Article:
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Chapter 4: Effective Research
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Section 2 Becoming a Researcher/Scholar / Chapter 4 Effective Research
A doctoral program requires its learners to become technology and information literate early on in the program to maximize the chances for success. In the beginning, learners will struggle with implementing new technology into their traditional note-taking techniques and research methods, but, with repetition, the skill sets will improve over time. Becoming technology literate will have a direct impact on the ability of learners to evaluate information. Learners will have more time to read and analyze a variety of resources, which, ultimately, provides more options from which to choose. Information literacy is the foundation to an effective research practice and the first step in helping doctoral learners make the transition from a student completing homework assignments to a researcher conducting research. All doctoral learners should be able to identify the different kinds of reading materials, as well as incorporate the definitions and terminology into their academic vocabulary.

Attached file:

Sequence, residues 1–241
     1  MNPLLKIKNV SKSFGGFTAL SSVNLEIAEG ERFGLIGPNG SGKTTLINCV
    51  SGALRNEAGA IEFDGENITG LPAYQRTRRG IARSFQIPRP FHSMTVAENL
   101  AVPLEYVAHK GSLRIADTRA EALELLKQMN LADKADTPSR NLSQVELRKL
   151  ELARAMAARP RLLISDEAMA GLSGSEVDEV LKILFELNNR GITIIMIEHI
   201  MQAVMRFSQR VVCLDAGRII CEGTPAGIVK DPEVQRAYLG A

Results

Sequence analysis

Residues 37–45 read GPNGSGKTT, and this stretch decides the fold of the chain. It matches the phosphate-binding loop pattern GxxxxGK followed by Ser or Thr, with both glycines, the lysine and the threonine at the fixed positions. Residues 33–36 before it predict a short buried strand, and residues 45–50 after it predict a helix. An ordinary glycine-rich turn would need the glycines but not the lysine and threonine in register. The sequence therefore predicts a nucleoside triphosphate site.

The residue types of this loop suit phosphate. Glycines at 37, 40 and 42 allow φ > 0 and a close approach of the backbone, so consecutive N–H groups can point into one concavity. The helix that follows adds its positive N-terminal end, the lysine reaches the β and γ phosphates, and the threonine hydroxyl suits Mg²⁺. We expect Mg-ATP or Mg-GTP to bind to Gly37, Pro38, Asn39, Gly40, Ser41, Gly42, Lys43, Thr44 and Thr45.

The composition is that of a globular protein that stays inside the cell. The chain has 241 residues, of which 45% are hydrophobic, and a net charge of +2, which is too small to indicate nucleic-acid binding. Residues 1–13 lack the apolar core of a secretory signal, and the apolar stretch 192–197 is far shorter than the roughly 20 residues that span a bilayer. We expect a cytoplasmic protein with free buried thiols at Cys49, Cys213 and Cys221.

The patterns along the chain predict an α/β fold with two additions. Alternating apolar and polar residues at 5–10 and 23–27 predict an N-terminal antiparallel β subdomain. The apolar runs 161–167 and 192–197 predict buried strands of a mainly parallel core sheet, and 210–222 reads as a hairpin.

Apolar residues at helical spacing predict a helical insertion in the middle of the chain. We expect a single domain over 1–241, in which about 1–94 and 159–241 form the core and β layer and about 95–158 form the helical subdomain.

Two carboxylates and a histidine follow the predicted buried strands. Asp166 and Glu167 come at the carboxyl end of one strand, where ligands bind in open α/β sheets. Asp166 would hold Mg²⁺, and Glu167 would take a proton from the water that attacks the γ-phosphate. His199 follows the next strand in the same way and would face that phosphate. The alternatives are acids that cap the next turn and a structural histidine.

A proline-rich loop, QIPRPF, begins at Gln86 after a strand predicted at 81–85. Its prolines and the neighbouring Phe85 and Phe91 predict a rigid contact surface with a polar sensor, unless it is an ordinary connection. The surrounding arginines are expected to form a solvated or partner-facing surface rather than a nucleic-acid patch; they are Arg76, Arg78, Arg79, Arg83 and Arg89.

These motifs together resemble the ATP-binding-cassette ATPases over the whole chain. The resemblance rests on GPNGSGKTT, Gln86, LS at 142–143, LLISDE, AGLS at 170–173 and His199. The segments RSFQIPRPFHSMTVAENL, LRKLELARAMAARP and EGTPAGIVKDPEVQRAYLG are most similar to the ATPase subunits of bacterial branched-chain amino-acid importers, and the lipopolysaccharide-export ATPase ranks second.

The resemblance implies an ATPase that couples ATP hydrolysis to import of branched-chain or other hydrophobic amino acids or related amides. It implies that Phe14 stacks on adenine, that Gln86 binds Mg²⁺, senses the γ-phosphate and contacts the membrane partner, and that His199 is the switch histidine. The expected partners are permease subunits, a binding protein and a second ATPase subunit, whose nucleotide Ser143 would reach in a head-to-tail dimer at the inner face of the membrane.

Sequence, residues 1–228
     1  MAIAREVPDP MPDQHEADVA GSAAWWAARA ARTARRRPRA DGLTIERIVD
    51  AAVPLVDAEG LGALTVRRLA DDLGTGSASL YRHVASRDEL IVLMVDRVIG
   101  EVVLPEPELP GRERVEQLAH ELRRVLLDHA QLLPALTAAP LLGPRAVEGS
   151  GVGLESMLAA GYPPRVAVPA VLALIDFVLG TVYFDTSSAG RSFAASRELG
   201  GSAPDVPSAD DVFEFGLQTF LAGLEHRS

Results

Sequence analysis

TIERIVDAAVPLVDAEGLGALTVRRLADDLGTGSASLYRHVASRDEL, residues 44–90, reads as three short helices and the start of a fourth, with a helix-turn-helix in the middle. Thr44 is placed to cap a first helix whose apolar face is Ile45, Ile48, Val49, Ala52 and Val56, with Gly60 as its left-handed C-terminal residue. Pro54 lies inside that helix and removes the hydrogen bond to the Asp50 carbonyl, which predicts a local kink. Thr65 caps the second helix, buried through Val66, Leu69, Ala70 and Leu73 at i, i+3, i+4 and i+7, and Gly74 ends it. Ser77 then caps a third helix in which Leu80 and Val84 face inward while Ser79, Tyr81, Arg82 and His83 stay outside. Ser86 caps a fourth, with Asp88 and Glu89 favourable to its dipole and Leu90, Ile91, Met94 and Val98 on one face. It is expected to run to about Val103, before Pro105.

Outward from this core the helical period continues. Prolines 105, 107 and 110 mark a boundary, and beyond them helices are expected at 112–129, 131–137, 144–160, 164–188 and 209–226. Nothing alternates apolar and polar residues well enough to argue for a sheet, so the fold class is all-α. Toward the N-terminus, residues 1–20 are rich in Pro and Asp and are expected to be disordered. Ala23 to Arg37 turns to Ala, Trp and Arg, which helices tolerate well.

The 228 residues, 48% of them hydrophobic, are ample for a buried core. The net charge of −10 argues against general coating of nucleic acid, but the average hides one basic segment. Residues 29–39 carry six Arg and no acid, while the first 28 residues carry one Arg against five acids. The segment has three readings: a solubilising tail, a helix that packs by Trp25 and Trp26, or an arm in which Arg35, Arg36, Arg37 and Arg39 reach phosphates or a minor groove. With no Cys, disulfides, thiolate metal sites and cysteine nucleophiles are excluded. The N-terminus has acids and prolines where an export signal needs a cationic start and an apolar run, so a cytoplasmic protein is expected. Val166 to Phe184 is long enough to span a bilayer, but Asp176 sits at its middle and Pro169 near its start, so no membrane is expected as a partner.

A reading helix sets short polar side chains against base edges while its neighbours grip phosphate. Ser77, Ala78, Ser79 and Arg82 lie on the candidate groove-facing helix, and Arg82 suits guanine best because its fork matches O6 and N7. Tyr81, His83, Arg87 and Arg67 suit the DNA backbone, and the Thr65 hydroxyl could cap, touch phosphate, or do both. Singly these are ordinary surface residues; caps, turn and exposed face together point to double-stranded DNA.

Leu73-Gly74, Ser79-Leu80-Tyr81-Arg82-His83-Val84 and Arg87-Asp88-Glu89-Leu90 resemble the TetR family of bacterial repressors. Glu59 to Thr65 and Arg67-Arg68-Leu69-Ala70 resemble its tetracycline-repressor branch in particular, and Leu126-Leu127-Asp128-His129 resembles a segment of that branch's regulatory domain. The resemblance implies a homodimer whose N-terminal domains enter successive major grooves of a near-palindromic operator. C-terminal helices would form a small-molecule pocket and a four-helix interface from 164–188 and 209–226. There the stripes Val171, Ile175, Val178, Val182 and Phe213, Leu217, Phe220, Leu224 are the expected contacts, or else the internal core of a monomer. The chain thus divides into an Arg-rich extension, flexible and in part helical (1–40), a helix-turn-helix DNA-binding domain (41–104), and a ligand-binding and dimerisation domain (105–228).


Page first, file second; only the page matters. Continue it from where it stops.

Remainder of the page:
Remember the box at the beginning of the chapter and the discussion that revealed the process attached to “thinking outside of the box”? In research, this box is not a plain brown piece of cardboard. On the contrary, to a researcher this box is a present wrapped in colorful paper, filled with unknowns that are waiting to be discovered and interpreted. The next chapter will discuss the nature of inquiry and describe the research methodologies doctoral learners have at their disposal in order to unwrap this present and all of its potential gifts.